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Jaagiye Raghunath Kunvara

Rama_thumb.jpgHappy Ramanavami to all my readers! May the Lord’s blessings shine on all of you!

On this auspicious day, I have chosen for your listening pleasure a wonderful bhajan by Tulasi dasa in the voices of Rajan and Sajan Mishra. This is from a set of CDs by Musictoday called Bhaktimala which I have since the eighties. It’s an excellent set with some beautiful music by myriad artists whom I have listened to innumerable times.

Tulasi dasa has written this poetry as being recited by Vishwamitra when he wakes the young Rama and Lakshmana. We are all very familiar with verses in Valmiki’s Ramayana, set to the same scene.

कौसल्या सुप्रजा राम पूर्वा संध्या प्रवर्तते ।
उत्तिष्ठ नरशार्दूल कर्त्तव्यं दैवमाह्निकम् ||

kausalya suprajA rAma pUrvA sandhyA pravartati.
uttiSHTHA narashArdUla kartavyam daivamAhnikam.

O Rama, the noble son of Kausalya! Dawn has commenced in the East. O Best amongst men! Wake up, the daily rituals have to be performed!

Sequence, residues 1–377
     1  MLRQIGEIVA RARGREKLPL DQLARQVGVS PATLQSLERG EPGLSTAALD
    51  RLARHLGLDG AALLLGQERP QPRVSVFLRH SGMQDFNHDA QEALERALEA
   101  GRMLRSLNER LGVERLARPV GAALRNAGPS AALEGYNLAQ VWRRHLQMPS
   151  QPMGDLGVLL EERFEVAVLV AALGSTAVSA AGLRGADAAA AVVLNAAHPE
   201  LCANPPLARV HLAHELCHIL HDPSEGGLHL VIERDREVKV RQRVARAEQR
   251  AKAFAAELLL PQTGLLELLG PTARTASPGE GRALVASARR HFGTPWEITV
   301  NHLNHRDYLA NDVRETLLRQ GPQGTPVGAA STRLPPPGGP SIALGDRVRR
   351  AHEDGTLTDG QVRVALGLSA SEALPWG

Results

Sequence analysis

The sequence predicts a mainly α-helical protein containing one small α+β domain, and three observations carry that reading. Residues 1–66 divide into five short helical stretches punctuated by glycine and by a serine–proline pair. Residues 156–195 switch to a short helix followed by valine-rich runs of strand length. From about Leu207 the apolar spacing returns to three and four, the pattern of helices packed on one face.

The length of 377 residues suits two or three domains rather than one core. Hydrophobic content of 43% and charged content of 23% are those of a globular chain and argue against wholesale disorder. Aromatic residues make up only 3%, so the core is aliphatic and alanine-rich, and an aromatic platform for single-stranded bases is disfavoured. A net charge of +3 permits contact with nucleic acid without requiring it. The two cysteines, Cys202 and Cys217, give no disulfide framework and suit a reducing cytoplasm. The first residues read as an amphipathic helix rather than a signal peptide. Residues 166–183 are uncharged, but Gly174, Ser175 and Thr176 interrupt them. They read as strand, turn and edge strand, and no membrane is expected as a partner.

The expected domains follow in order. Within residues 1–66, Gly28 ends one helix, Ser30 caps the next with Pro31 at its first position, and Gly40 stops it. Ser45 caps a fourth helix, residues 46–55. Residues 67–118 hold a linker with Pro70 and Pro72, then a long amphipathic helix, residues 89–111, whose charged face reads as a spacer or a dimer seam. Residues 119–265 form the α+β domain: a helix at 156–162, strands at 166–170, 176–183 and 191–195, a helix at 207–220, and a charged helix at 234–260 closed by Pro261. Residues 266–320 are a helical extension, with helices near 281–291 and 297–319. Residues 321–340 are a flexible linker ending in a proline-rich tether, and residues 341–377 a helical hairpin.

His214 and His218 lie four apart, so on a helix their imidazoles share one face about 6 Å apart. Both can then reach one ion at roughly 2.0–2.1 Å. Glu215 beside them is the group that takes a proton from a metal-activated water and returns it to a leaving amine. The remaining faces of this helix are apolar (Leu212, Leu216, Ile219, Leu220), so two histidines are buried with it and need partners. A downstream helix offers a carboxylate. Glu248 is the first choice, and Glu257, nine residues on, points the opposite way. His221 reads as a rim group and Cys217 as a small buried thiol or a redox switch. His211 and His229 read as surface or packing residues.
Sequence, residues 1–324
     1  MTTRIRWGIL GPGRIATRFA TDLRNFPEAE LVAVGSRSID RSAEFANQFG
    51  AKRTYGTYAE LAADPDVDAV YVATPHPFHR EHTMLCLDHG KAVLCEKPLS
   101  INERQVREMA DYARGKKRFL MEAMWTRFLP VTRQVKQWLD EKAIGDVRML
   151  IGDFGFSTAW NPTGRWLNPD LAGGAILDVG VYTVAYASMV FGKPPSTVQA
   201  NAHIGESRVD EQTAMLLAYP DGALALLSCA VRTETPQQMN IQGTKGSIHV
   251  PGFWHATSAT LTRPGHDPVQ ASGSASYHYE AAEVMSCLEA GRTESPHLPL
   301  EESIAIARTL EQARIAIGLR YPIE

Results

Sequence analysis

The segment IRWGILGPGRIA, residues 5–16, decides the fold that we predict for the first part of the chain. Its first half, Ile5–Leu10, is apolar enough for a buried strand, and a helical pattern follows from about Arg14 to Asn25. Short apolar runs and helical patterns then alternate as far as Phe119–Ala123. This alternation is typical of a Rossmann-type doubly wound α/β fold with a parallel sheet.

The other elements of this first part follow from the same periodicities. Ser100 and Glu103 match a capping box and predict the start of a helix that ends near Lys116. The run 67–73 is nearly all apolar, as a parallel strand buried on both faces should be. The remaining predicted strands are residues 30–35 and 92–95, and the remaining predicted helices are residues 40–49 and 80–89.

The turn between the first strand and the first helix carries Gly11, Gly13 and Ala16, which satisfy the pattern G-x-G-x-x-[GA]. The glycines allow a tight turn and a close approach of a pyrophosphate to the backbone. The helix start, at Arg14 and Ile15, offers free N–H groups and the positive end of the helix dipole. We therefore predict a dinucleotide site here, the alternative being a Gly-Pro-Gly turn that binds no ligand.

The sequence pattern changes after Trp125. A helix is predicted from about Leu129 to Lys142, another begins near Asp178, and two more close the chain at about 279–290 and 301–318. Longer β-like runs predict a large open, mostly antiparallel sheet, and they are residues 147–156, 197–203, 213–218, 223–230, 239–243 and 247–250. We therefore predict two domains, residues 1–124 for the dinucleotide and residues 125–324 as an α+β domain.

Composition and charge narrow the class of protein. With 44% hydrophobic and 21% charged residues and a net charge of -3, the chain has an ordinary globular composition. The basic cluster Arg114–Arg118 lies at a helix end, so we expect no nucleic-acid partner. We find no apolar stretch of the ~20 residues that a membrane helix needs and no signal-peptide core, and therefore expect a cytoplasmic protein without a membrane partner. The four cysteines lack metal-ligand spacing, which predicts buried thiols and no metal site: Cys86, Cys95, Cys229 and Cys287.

These words in the golden voice of M.S.Subbalakshmi are etched in all our hearts, aren’t they! I always smile when I imagine the scene. I can well visualise Vishwamitra coaxing young Rama and Lakshmana, who were but boys at that time, just as I had to coax my son out of bed to get to school when he was their age!

I have listened to Rajan and Sajan Mishra’s music for many years; they are amazing musicians whom I intended to feature again in the future. In this rendition, they start with an invocation to the Sun God.

आदिदेव नमस्तुभ्यं प्रसीद मम भास्कर
दिवाकर नमस्तुभ्यं प्रभाकर नमोऽस्तु ते

AdidEva namastubhyam prasIda mama bhAskara.
divAkara namastubhyam prabhAkara namOstu tE.

Salutations to O Primal God ! Please be gracious to me, O Effulgent One!
Salutations to the Day-Maker! Salutations to the Maker of Light!

-First verse of Suryashtakam from the Samba Puranas

In Ramayana, divinities descend on earth in human form and thus Vishwamitra awakening them is nothing extraordinary. But who are we singing to when we awaken God? Is He not always awake? Yes, of course He is. When we sing suprabhatam or songs of awakening, we sing to the God within us, urging Him/Her to awaken from the cloud of Maya which keeps the divinity inside us in a state of sleep. With this song, we urge our own divinity, our soul to wake up to and understand its own Truth.

This song was often sung in Gandhiji’s ashram. He translated it for Mirabehn; that is the translation I have given below in the footnote.